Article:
How to recycle and dispose of electronics in the Netherlands?

In the third part of my blog series on recycling and disposal in the Netherlands, we’ll have a look at one of the trickiest topics. ELECTRONICS!

As a professional organizer, I see an incredible amount of cables, batteries, lights, and electronic gadgets. Usually, it lies in one big box: dusty, entangled and forgotten. With the great speed technology is evolving nowadays, we seem to have a hard time catching up with the disposal of our old stuff.

Confused about what cable belongs to which gadget, we are afraid to throw away any of them. “Maybe I could use it/ I might need it” or “I will ask my husband” are the common answers for electronic clutter. Frankly, most of those cables never get used.

“I just don’t have the heart to throw it into a bin”

The getting-rid-of part gets tricky as most people’s instinct is to NOT throw away those cables and gadgets to a normal bin. And I sense that that is actually the number one reason for electrical clutter in our households. Luckily, you do have some nice and eco-friendlier options!

How to dispose of electronics in the Netherlands?


Are your devices in working condition, and you think you can get worthwhile money for them? The value of old electronics is often a concern; hence I would encourage you to do some research. Check Marktplaats, FB, eBay, or any other platform where you wish to sell. Consider the condition of your offered piece and compare it with the same/similar products and their sold prices.

Feeling like you might make money on some vintage treasures? There are some impressive sums offered for old and original Apple products. For example, the original unopened 2007 iPhone model can be worth thousands of dollars (check the article)! The same might go for old pre-Millenial Apple computers. Of course, everything needs to be in working condition, so if you think of making money on vintage electronics, take them out of that dusty box and start researching.


As the company aims towards a more sustainable business model, Apple is offering a trade-in program. Owners of Apple products are encouraged to dispose of their old gadgets with the company itself to be refurbished or reused in parts for future products. The incentive is a credit for any new device you wish to buy. Check the trade-in prices on their web to see how much money you can save.

Since I am an Apple user, I only have experience with this type of trade-in. Do you wish to contribute to this article with other brands’ trade-in programs? I am more than happy to update this post!


If selling isn’t worth your time, but you feel sad to throw away your old but functioning device, you can always donate it to Kringloopwinkels (=second-hand stores). Here’s a list of (presumably) all the kringloopwinkels in the Netherlands. Search for the one nearby your place, and drop your donations off at the back of the store. It couldn’t be simpler! Make sure that your device is functioning, complete, and clean.


Finally, we’re coming to the point of responsibly disposing of the broken stuff that doesn’t make it to the categories above. So, where are those electronic bins?

1. In most shops such as AH, Jumbo, or Plus, there will be a bin for empty batteries and old lightbulbs. Most times, it will be by the entrance; sometimes, it is located next to a bottle return point.

2. For small electronic devices, go to your local hardware shop. Gamma, Karwei, or Praxis have proper recycling bins by their entrance to drop off cables, cameras, phones, LED lights, other lightbulbs, and batteries.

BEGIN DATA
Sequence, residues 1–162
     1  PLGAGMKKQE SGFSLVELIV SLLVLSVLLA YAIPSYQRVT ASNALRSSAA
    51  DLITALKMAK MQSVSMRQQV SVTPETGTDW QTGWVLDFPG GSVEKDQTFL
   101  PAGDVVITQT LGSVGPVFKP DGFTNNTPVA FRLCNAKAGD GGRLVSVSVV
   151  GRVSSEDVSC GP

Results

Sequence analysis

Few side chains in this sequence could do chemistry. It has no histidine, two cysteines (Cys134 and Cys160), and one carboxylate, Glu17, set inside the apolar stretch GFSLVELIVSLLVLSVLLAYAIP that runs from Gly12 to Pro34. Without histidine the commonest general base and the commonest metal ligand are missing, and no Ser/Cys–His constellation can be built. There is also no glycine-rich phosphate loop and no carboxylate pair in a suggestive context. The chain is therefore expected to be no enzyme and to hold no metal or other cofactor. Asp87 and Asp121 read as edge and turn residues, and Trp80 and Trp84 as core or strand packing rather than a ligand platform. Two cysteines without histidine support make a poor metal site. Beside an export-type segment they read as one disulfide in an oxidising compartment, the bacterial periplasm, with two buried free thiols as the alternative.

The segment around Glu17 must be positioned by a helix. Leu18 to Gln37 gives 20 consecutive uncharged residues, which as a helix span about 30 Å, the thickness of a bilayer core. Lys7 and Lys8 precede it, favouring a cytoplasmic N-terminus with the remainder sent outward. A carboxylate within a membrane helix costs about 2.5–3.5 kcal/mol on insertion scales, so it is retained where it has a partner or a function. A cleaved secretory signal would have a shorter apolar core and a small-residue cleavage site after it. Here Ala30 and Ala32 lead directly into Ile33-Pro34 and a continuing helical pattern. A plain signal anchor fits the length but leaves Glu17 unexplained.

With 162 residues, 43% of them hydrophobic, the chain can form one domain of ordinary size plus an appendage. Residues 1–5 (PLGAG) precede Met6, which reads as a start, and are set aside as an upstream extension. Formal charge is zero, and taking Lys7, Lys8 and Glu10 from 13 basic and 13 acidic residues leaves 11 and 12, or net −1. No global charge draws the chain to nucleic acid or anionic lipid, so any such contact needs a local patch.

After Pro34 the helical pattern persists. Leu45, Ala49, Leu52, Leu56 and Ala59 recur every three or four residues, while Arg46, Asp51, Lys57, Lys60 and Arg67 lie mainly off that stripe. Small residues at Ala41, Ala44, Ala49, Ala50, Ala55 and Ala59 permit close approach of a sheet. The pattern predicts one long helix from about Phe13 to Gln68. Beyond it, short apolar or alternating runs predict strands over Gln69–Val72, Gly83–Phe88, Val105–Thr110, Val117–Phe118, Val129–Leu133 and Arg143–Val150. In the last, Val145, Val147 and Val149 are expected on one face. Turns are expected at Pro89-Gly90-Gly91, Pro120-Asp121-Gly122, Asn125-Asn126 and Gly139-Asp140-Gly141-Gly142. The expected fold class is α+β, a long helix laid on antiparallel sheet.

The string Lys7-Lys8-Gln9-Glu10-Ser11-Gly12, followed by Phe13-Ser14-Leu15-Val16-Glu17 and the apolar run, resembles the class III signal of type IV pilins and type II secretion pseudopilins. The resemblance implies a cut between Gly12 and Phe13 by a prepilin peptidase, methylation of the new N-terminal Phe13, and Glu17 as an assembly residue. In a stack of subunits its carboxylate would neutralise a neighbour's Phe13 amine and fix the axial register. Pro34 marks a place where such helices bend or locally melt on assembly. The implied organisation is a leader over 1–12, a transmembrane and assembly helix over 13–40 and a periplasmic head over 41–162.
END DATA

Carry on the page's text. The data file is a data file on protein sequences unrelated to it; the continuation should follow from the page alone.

3. If you have large electronics such as TVs, computers, stereos, etc., you’ll have to make a trip to your local milleauplein. Your town hall website should have an ecology/waste disposal section and direct you to their recycling center/milleauplein.


Many companies take care of the digital data shredding before disposing of your computers and laptops. Such companies are perfect if you have larger quantities and want to make sure all your data are destroyed before deciding to pass your devices into the re-cycle. Google “computer recycling + your local area,” and you will get plenty of companies competing over your device.

Knowing how to get rid of things responsibly and economically is often the biggest block in people’s decluttering journey.

That is why we created the CLUTTER DISPOSAL MANUAL, with over a dozen pages on recycling, donating, or reselling just about anything in the Netherlands… With added bonus list of services that aid you in living a clutter-free life.

Purchase your lifetime access to this ever-growing document, and let us assist you with your next project!

Article by Lucie Krobova
Founder of Your SPACE by Lucie
Professional Organizer
Amsterdam, NL

4 Replies to “How to recycle and dispose of electronics in the Netherlands?”

  1. Thank you for your kind words Laura! If you found the blog helpful, you’ll love “The Clutter Disposal Manual” if you haven’t seen it yet. It’s a comprehensive guide to responsible recycling and clutter disposal in the Netherlands…like this article x 12 pages. You can find it under the “Work on your own” tab 😊

  2. Hello Lucie,

    Do you know if Albert Heijn accepts to recycle microwaves in the electrical bin?

    Thank you.


  3. Hello Anna, no they don’t. AH and other supermarkets only take in small recycling (think things that you’d be able to take in a bag). For microwave it’s best you visit bigger recycling points for middle sized applicances. Best to pick a shop that already sells whitegoods and electrical appliances, they should have the right recycling point.

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